Poor Len here (but not pictured -- that's my dream girl, there), with some thoughts on the performance, Friday and Saturday, of Canada's team -- the Montréal Canadiens.
Let's start with the numbers that count. 12 games into the 82-game NHL schedule, les Glorieux are 10-1-1 -- 10 wins, 1 defeat in regulation time, 1 defeat in a shoot-out -- a total of 21 points out of a possible 24. That's good for first in their division, first in their conference, and first in the NHL overall! If they could keep winning at that pace, they could wind up with 146 points. And, let us pray, the Stanley Cup!
Now then, about Friday night's debacle at Columbus. Going into that game, the Habs were 9-0-1, on a 6-game win streak, so it was clear they were going to lose sometime. The only questions were when, and how badly. No-one, no-one, expected it would be on Friday night, by a score of 10-0!
That's the worst pasting the Habs have suffered since 1995, the night Patrick Roy said he'd had enough. I think no-one, including the opposing team, would have blamed Habs #2 goalie, Al Montoya, for heading into the Ohio hills, never to be seen again. But it wasn't solely his fault. And I don't blame Michel Therrien for leaving him in net for the third period. The game was out of reach midway through the second, and there was no point in putting Carey Price in for the third, running the risk of having him (Price) injured.
Yes, Montoya's goaltending was sub-par, but the Habs' defence was worse, and their offence worse still! They have been outshot in their last four games (including last night's 5-4 victory over Philthydelphia) and were fortunate to have Price between the pipes for three of them. Both he and Montoya should sue the other 18 guys for non-support. You can't take just one shot every five minutes or so and expect your goalie to give you a win, regardless.
Montréal's top four defencemen -- Weber and Emelin, Markov and Petry -- have been OK, but also guilty of egregious errors, especially Markov who -- let's face it -- is getting old and just doesn't have the speed any more. Pateryn and Beaulieu are the third defence pair. The latter is too often careless with the puck and lacking in concentration and commitment. Time to let him watch from the press box, IMHO, and try out Hanly, or maybe Barberio, who's currently languishing in St. John's.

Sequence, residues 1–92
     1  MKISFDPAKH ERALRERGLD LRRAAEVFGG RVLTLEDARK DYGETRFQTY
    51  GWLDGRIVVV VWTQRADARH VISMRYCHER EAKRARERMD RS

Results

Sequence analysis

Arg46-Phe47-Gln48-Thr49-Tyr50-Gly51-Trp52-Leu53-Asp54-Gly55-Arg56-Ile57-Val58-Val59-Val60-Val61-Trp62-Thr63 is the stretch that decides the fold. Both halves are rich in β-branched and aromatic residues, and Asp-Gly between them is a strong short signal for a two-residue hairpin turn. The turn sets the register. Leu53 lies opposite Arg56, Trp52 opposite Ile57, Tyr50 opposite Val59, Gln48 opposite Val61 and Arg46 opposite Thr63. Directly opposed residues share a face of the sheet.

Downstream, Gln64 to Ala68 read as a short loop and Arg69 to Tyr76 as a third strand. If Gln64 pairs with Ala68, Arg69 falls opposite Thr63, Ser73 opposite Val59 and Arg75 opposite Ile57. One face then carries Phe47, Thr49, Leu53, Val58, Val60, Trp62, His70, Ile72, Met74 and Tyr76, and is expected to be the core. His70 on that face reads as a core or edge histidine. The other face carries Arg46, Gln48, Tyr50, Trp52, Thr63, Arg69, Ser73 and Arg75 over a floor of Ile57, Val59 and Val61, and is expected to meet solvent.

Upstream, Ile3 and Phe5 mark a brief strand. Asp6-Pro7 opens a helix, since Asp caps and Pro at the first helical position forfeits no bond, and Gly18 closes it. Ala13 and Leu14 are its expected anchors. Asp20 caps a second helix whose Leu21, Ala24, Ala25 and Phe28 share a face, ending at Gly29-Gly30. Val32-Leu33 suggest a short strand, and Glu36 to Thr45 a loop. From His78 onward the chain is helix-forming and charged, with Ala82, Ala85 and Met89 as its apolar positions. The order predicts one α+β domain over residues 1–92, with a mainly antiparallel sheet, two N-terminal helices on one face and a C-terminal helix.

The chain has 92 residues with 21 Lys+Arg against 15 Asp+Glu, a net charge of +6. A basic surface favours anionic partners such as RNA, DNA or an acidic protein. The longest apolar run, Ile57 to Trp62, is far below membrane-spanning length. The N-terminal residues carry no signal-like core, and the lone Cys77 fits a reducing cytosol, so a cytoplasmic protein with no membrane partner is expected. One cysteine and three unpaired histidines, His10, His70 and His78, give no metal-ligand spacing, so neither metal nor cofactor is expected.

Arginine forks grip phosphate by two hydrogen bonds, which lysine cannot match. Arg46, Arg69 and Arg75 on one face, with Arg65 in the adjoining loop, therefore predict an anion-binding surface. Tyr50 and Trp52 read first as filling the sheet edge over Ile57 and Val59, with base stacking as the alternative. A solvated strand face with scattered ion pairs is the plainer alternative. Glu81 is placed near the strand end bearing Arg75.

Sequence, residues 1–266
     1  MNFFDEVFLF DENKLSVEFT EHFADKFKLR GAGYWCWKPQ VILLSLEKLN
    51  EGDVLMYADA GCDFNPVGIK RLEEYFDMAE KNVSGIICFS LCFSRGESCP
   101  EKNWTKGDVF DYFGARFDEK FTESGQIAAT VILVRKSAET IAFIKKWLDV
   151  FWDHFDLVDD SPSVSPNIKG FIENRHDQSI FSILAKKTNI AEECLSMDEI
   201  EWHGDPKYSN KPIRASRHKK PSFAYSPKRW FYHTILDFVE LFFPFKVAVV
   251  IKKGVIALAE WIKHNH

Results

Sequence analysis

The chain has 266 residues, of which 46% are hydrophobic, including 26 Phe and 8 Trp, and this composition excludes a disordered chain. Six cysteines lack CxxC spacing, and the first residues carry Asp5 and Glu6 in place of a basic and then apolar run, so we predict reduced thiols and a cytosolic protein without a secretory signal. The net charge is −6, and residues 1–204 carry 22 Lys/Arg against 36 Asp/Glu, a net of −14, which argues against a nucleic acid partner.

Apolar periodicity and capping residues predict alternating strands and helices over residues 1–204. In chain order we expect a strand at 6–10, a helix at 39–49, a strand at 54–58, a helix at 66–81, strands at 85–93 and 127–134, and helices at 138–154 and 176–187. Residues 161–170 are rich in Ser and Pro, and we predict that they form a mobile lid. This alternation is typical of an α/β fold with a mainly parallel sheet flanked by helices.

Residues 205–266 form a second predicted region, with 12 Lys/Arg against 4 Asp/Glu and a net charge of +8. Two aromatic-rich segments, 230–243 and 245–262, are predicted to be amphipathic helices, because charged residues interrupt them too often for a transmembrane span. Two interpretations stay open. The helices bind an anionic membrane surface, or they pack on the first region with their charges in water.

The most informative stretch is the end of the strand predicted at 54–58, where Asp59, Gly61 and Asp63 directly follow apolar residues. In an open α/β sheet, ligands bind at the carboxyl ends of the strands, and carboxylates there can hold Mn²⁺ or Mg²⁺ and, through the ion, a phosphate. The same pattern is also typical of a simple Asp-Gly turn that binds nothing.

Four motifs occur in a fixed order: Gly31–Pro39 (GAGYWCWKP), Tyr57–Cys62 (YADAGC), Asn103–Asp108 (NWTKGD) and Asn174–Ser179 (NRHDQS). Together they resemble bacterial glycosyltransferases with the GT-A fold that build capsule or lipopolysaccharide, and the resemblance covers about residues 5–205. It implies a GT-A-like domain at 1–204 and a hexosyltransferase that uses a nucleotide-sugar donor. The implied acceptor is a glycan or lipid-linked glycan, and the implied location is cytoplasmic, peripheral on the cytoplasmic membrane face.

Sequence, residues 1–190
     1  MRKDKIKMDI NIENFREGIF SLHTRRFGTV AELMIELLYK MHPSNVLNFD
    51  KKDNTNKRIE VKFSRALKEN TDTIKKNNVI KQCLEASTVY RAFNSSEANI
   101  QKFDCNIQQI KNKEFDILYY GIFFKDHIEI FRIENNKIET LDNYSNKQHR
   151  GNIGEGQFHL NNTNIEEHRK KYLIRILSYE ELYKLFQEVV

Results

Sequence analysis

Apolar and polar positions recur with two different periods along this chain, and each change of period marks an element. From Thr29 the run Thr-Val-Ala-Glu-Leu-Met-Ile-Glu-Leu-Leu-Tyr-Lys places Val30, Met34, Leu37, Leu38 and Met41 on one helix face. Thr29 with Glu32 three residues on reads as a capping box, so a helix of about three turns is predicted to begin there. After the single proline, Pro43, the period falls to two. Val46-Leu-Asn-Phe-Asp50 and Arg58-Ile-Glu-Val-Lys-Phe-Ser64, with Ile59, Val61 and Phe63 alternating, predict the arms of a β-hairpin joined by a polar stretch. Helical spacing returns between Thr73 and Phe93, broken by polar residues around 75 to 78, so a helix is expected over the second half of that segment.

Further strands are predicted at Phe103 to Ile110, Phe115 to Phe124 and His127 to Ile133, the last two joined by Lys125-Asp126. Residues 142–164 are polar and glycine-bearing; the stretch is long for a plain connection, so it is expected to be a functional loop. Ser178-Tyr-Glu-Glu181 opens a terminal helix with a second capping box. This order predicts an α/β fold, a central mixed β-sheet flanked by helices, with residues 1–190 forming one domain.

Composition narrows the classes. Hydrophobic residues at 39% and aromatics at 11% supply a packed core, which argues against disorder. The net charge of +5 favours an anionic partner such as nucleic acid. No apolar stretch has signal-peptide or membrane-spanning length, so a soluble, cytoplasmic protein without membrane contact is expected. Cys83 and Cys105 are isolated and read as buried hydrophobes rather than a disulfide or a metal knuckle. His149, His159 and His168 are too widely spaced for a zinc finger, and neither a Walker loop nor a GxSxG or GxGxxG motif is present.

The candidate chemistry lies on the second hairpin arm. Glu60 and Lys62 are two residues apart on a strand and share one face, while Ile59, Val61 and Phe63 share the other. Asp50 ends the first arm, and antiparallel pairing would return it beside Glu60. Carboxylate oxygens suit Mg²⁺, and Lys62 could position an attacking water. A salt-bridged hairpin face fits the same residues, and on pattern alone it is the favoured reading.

That brings us to the Habs' so-called offence. After starting the season with four goals a game for the first four games or so, production has fallen off. And a lot of their goals are being scored by the defence. The best front line, in terms of consistency, has been the fourth line -- Danault, Mitchell and (usually) Flynn. What does that tell you?
Montréal is getting good efforts from most of the forwards, particularly Alexandr Radulov, a great off-season pick-up by Marc Bergevin. What's been missing is effort and intensity from some of the old pros who the club should be able to look to for leadership. Hello, Max Pacioretty! "Patches" has scored only two goals in 12 games, and has not played well without the puck. You may have the "C" for "Captain", Max, but you need a much bigger "E" for "Effort". I would have said the same to Asst. Capt. Tomas Plekanec, except that he scored the game-winner last night -- his first of the season -- and is dependable on the penalty kill.
Final note... All the centres except Torrey Mitchell need to work on winning face-offs. Not one Montréal centre (except Mitchell) is over 50% at the dot. You can't shoot the puck if you don't have it! And to everybody... when you do have the puck, shoot the blessed thing! Be inspired by the great Habs players of yesteryear: Lance Ledisc and Lance Larondelle. Don't wait for the perfect set-up. Shoot the puck as hard as you want! Some of them are bound to go in.
Commentaire de Guillaume Lefrançois, La Presse: Le Canadien vient possiblement de jouer ses trois moins bons matchs de la saison, accordant 120 tirs et 14 buts. Mais il s'en est tiré avec quatre points sur une possibilité de six, dans une séquence de trois duels en quatre soirs.